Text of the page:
So I was playing Greyjoy Mill against Stark/Tully, I had two games and in both games I managed to mill my opponents deck Entirely by turn 6/7 but both times I lost by the thinnest margin, once on a single dominance and once on a single Distinct Mastery.
After the game I found out that my opponent was running a 70 card deck! I was Not amused, were his deck 60 card I would have milled him two or three turns earlier and probably had no problem winning!
I thought that this was just a downside to mill in casual play that Id have to get used to but then I read the tournament rules and it turns out that there is no max deck limit in tournament play either! I realise that Mill isnt really meant to eat your opponents deck (negative player experience and all that) but its still one of the stronger aspects of it and you cant ignore it, am I the only one who feels a bit screwed running a mill deck when all your opponent has to do is have an extra few cards and all of a sudden you have less of an impact on the game?
First of all, the "Spoiler Space" forum is really about stuff from the books/series, rather than about gameplay, but I'll still respond to this.
You shouldn't feel "screwed."
I'm going to assume, since you used the term "mill" to refer to a discard deck, that you have a background in Magic: the Gathering, where decking out results in you losing the game.
I'm further going to assume that this is a tactic you like to use.
Maybe because of that you assumed that draining someone's deck in GoT would be an almost assured win. I'm sorry that's not the case, but it's no you getting screwed.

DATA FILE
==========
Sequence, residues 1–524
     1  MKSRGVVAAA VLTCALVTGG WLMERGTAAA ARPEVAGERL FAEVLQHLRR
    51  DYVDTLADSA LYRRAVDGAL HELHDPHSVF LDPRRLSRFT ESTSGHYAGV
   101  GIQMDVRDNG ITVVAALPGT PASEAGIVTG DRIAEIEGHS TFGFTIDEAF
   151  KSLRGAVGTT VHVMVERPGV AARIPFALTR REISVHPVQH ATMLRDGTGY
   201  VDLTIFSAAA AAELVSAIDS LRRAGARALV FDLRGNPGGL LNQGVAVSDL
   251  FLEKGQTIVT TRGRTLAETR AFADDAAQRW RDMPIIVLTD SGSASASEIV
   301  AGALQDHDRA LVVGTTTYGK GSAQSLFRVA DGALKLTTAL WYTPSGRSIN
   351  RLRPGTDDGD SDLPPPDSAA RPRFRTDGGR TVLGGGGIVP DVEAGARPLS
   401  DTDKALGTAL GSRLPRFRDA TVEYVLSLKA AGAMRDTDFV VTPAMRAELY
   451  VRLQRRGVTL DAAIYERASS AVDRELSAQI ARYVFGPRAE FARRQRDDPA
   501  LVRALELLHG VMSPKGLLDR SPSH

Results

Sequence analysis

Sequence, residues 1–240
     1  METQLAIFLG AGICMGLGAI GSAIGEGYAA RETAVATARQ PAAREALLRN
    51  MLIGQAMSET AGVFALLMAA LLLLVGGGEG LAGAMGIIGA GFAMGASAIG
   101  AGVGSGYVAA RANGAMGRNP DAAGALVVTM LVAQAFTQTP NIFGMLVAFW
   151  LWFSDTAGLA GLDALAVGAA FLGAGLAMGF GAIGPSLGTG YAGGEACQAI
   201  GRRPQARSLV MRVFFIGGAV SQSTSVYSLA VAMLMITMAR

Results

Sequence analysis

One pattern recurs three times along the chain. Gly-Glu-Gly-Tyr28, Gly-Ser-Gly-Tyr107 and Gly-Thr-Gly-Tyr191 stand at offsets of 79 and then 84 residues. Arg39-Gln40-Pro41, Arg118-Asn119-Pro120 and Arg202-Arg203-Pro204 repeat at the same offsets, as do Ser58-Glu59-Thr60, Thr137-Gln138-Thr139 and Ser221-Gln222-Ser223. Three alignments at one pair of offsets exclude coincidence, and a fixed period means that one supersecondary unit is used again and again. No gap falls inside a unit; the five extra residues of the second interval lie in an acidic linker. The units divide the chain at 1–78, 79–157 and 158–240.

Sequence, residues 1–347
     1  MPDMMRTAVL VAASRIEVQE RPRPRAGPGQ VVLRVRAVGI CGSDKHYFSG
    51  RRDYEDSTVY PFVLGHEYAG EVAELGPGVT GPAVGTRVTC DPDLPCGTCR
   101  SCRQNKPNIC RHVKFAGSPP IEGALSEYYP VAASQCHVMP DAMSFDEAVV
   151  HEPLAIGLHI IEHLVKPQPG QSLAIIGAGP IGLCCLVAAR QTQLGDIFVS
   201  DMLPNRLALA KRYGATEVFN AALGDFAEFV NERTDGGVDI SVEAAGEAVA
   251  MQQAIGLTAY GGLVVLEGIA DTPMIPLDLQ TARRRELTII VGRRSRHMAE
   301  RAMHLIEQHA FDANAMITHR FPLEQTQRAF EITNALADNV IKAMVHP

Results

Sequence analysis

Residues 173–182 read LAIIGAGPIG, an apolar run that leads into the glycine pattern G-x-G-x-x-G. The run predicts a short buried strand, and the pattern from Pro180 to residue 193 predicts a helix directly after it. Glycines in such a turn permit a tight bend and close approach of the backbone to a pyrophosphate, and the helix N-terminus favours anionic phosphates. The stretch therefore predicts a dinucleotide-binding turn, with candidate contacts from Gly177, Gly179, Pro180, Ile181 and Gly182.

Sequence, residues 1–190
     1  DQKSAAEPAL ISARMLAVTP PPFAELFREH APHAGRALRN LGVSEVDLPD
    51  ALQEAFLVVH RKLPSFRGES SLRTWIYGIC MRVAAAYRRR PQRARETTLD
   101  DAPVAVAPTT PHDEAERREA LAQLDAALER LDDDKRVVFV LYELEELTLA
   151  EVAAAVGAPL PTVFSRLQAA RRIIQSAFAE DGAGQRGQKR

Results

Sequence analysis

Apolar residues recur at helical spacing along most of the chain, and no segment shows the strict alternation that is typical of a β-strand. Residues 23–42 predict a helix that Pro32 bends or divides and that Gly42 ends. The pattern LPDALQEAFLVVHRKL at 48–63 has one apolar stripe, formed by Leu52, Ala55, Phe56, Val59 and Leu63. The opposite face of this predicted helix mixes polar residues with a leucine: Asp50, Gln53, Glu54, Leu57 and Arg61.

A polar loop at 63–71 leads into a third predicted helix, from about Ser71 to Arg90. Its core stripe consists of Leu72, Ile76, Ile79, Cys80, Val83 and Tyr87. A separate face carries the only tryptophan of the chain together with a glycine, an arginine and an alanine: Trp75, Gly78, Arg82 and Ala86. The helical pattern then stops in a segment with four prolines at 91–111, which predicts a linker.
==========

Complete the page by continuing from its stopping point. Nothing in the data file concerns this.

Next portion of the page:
There is only one way to win AGoT: collect power; it is the only win condition (now that Doomed cards are only legal in Legacy). If your deck cannot do that, you cannot win.
What's the point of draining your opponent's deck, then? Simply, denying them options. If you have no deck, you're obviously not going to play any new characters, attachments, events, or location, except what you've got in your hand. It's a tool to making your position stronger, not a weapon to win the game with. And there's nothing wrong with that.
Why is there no max deck size? Because it is it's own drawback. Having a bigger deck means you are less likely to draw any particular card. Trust me, I used to have a Stark deck that was close to 200 cards. The only thing that made it work were all of the fetch mechanics in my plot deck.
The point is, I don't think you should feel "screwed" because a certain tactic doesn't work that way you want it to. It's a game, it has rules, and those will likely be different from other similar games.